Tips for launching your business in 2019: Answering an investor’s questions
Professional financing is essential for the survival of startups. Attracting funding requires being very well aware of what investors want and need.
How are companies born? It can all start with something as simple as a basic business plan scribbled on a cocktail napkin. If the initial enthusiasm can withstand a more serene and less enthusiastic scrutiny, it may be time to resort to the three famous “f’s”- Family; Friends and Fools – to raise enough funds to set up your new business.
From that stage onwards, it’s when things start getting serious. All businesses need fuel, i.e. funding. And to secure the right amount of funding, it is essential to present the project in the most professional and structured manner possible.
In its tenth edition, the BBVA Open Talent competition solidified its standing as one of the main promoters of the global fintech startup ecosystem. In Spain, the startup scene has been gaining traction thanks to the emergence of a fully-fledged investor ecosystem that is now capable of covering all sides of the startup funding spectrum: from seed capital, to major venture funds, frequently specialized in business areas. But, what must a digital entrepreneur know about these investors, pivotal to a startup’s survival? What drives these key players to invest, or not, in a startup?
José Luis Biaggio and Javier Mencía are part of this investor community. They are both partners at Making Ideas Business, a digital startup investment club that has already invested in 8 emerging businesses since it first launched in 2012. Recently, they delivered a presentation at ISDI, a school of digital business in Madrid, and shared some of the insights they’ve drawn from their personal experience, as well as some general principles.
One of the key takeaways from their speech was that the first thing entrepreneurs need to do is to step into investors' shoes, try to see things as they do. And this requires replacing enthusiasm with hard and cold analytical mindset. “Investor are pragmatic individuals, not idealistic people,” said Mencía. “They look for feasible, viable and scalable projects;” i.e., businesses that after reaching a specific critical mass, can start growing exponentially without sensibly increasing their basic costs.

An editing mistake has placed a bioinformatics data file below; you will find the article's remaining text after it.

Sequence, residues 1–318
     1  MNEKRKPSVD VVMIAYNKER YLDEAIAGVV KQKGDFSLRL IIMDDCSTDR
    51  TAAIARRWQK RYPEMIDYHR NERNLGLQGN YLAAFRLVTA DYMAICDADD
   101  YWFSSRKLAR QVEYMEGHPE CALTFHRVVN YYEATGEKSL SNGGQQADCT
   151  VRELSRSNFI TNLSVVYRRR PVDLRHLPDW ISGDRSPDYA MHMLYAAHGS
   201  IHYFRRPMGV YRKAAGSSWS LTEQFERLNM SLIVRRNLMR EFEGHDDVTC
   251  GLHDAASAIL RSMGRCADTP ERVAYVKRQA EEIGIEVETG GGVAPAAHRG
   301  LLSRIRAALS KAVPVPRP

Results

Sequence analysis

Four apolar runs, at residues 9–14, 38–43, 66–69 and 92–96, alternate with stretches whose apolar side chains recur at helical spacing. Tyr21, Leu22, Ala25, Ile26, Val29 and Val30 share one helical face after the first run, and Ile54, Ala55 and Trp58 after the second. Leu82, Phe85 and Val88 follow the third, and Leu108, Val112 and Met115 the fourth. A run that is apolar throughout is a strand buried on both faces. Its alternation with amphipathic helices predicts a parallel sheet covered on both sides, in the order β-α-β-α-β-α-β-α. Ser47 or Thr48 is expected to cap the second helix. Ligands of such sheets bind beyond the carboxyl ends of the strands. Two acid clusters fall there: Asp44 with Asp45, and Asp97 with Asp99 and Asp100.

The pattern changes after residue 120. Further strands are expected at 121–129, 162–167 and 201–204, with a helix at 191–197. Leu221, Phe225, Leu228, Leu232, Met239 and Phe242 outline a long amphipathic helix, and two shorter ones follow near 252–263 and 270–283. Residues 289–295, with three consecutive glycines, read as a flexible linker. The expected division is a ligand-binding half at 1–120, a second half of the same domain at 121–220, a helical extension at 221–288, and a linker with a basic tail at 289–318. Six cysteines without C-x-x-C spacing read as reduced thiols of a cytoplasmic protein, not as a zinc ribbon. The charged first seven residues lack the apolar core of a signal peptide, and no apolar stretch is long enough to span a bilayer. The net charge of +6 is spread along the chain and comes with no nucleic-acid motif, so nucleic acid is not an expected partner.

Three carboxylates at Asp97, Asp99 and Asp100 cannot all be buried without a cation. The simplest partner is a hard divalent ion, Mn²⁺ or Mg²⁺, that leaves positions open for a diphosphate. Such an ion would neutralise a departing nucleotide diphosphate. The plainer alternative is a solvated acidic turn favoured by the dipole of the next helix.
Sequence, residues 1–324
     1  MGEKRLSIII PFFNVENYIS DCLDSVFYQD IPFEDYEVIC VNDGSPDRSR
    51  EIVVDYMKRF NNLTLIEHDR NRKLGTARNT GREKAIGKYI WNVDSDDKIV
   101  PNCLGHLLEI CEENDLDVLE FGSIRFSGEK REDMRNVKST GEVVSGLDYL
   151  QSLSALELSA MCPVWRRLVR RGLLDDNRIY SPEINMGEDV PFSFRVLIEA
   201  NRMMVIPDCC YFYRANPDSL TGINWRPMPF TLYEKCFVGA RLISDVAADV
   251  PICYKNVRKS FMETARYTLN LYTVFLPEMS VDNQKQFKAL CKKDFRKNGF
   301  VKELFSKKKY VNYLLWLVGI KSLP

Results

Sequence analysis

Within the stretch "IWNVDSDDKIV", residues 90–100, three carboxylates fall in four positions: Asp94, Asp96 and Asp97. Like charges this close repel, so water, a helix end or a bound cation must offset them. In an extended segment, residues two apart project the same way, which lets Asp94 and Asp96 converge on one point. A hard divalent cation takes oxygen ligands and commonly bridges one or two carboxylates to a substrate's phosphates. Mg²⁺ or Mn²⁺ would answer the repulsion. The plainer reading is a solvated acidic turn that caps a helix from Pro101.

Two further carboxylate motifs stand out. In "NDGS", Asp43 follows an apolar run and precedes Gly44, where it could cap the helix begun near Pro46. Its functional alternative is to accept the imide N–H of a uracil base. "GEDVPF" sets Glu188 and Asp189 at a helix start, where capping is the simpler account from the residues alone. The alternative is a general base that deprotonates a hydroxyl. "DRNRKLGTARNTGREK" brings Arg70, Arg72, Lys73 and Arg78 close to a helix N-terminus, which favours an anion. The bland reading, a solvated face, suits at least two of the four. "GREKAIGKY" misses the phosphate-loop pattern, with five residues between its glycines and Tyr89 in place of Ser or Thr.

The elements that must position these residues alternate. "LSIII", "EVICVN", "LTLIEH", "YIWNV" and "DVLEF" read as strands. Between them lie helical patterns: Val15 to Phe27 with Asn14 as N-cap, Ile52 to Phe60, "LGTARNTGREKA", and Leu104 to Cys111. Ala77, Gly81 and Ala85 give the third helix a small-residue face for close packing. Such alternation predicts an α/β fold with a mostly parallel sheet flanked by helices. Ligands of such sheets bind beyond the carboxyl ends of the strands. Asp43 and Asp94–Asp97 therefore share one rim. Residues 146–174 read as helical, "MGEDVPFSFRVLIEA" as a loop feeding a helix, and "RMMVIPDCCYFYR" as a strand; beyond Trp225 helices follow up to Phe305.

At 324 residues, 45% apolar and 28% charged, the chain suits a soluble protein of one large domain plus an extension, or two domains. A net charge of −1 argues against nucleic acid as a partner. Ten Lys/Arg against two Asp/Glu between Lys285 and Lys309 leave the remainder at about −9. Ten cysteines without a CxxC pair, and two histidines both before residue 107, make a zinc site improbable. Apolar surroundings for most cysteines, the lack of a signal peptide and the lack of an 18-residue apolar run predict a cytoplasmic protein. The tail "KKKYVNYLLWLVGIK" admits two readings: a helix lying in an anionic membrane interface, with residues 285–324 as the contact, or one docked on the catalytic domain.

Both investors broke down the ten questions that entrepreneurs need to address before pitching their projects to potential investors. The idea would be, in short, to come up with a convincing answer to each one of the following questions:
- Is the project aimed at solving an issue or covering a need detected in the market?
- Does your company really have the key to solving that issue/need?
- Is the market big enough?
- Have you clearly identified the commercial target at which your company is aimed?
- Are there any competitors?
- How are you going to ‘sell’ your product or service, how are you going to market it?
- Is your company scalable?
- How are you going to measure your performance, what metrics are you going to use?
- What’s your team like?
- What’s your economic valuation of your company?
Much as in a videogame where you are required to complete one level at a time to reach the end, these questions are successive. It is at the end when the investment - and the company stake that said investment yields – is negotiated, based on the valuation of the company. There are no exact formulas to determine the value of a startup, said the speakers. In any case, investors always aim for the highest potential returns (such as multiplying by eight their investment), considering that about 80 percent of startups fail. That is why investors calculate that, when an investment is successful, it needs to yield huge returns.
Startups hardly ever pay dividends, the investment’s liquidity is limited to very specific windows of opportunity, the risk of going out of business is really high, and the profitability of some of the ones that end up making money is so low and stagnant that they virtually become zombie projects. Starting a business is an extremely risky sport, both for entrepreneurs and investors. That’s why before trying to ask for funds, you should be aware of what it is exactly that they are looking for and what you can offer.